-San Carlos River below Talkalai Lake Dam:  Trace back to the starting point with the directions to Talkalai Lake.  Once turning onto Road 1110, take 1110 for 1.1 miles and turn right (south) toward the San Carlos River.  Go left/east at the intersection of two dirt roads and park where the road shortly ends.  The riparian stands of willow and cottonwood with surrounding mesquite bosque can be birded here along the river.  At this point, the west side of the river is Gila County and the east is Graham.  Migrations may be very productive.  Go east of the parking spot along a trail that goes close to Talkalai Lake Dam.  This is a good spot along riparian habitat, and Northern Waterthrush has been found here before.  Go back to the parking area and intersection of the two dirt roads.  Head slightly southwest through a mesquite bosque and to various points along the river.  Several roads go further west and cross the river to give better access to the densely vegetated habitat of the San Carlos River that is extremely hard to navigate.  Brown Thrasher and Swamp Sparrow have been found near the river, and Northern Beardless-Tyrannulet has been found in the mesquite bosque.


San Carlos Lake Area

From the Highway 70 and Highway 77 intersection on the east side of Globe, travel east on Highway 70 for 17 miles.  Turn left at Peridot onto AZ 170-N/Coolidge Dam Road, where there is a sign that is signed off for 'San Carlos Recreation Area'.  Turn right and south on Coolidge Dam Road (which is also known as Indian Route 3) and proceed to San Carlos Lake.  More specific directions will be given in reference to this specific point in the following birding locations.  Also, if coming on Highway 70 from the east and heading west toward San Carlos, this intersection is 57.5 miles west from the town of Safford.

-San Carlos Sewage Ponds and agricultural fields:  Head south on Coolidge Dam Road for 2.1 miles past Highway 70.  On the east side of the Coolidge Dam Road, look for the fenced off sewage ponds on the east side of the road.  Park and look and listen for birds in the wetlands from the road, do not enter this location beyond the fence.  This is a good location to hear both Virginia Rail and Sora, Common Gallinule, and other marsh birds.  On the west side of the road, tall mesquite and other desert vegetation harbor a variety of birds.  This would be a good spot to look for migrants.  Pyrrhuloxia, a bird that is rare in Gila County and is of uncertain status, is seen here occasionally.  Just south of the sewage ponds are circular agricultural fields on both sides of the road that can't be accessed, that are worth scanning from the road.  These fields attract a variety of raptors, such as Swainson's and Ferruginous Hawks.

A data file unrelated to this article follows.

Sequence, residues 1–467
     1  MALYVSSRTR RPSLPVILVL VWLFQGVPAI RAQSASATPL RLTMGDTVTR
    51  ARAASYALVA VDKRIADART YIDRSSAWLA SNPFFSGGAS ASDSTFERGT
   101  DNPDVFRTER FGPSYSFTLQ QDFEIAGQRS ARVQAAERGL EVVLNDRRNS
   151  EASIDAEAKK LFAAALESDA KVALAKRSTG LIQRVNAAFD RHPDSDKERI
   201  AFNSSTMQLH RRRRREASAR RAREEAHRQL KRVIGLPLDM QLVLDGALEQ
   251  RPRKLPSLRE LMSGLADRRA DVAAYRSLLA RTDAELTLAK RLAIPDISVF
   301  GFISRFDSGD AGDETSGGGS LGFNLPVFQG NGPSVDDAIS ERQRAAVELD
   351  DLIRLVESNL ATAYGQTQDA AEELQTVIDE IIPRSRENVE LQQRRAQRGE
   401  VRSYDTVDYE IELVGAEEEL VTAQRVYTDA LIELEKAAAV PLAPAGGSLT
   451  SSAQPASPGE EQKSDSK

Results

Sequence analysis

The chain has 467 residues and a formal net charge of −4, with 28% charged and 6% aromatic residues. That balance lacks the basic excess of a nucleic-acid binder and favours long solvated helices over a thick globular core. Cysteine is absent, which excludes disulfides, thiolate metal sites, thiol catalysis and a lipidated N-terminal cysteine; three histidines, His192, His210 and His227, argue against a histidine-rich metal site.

-San Carlos Lake:  San Carlos Lake is one of the best birding locations in Gila County, Graham County, and Pinal County.  For those who enjoy county birding, this lake is a fun one because the three mentioned counties each have significant enough portions of the lake where one can see a variety of waterbirds in each county.  Out of the three, Gila County has the highest percentage of the reservoir.  San Carlos Lake has a variety of water levels and a lot of inviting shoreline habitat for birds.  It is a place to go to not only enjoy a lot of waterbirds of variety, but to discover rare and unusual bird species that find the lake annually.  The lake is surrounded by a variety of desert scrub and canyons, and some willow and cottonwood riparian habitat along the San Carlos River at the east side of the lake.  Western and Clark's Grebes breed here, as does Bald Eagle, and the lake often has high numbers of American White Pelican.  When full, the lake has astounding numbers of wintering waterfowl.  Sometimes counts of species exceed into thousands, and species like Canvasback may have numbers that go near or even over a thousand.  Rarities that have been discovered at the lake have included Pomarine and Parasitic Jaegers, Arctic and Least Terns, Laughing, Heerman's, and Iceland Gulls; White-winged and Surf Scoters, Tundra Swan, Roseate Spoonbill, Whimbrel, Red Phalarope, and Rough-legged Hawk (not all of these records have been from the Gila County side of the lake).  Doug Jenness and Keith Kamper are two birders who have spent a great amount of time birding this lake and gathering knowledge up about it's bird life.  They have found a lot of rare birds at the lake, including some of the meintioned ones. 

Directions:  From Highway 70, take Coolidge Dam Road (Indian Route 3) south and toward San Carlos Lake.  There are several places along the route that have dirt roads leading to the north side of San Carlos Lake, found on the east side of Coolidge Dam Road.  One of them is at 2.7 miles, and that eventually travels to the San Carlos Monument.  On this guide, access points on the south side of San Carlos Lake from Pinal County (but looking north into Gila County) will be described in detail, and the northern ones will be put on hold.  The northern ones have much rougher roads and are difficult to access without a vehicle that has great clearance.  A link to a more-in-depth article of the lake, written by Doug Jenness, will be included at the end of the San Carlos Lake description (scroll down).  Indian Road 510, which is accessed from the east side of Coolidge Dam Rd/Indian Route 3 at 6.6 and 7.2 miles south of Highway 70, accesses several roads that branch off to the south of 510 within a five mile stretch and travel south to the north shoreline of San Carlos Lake for about two miles.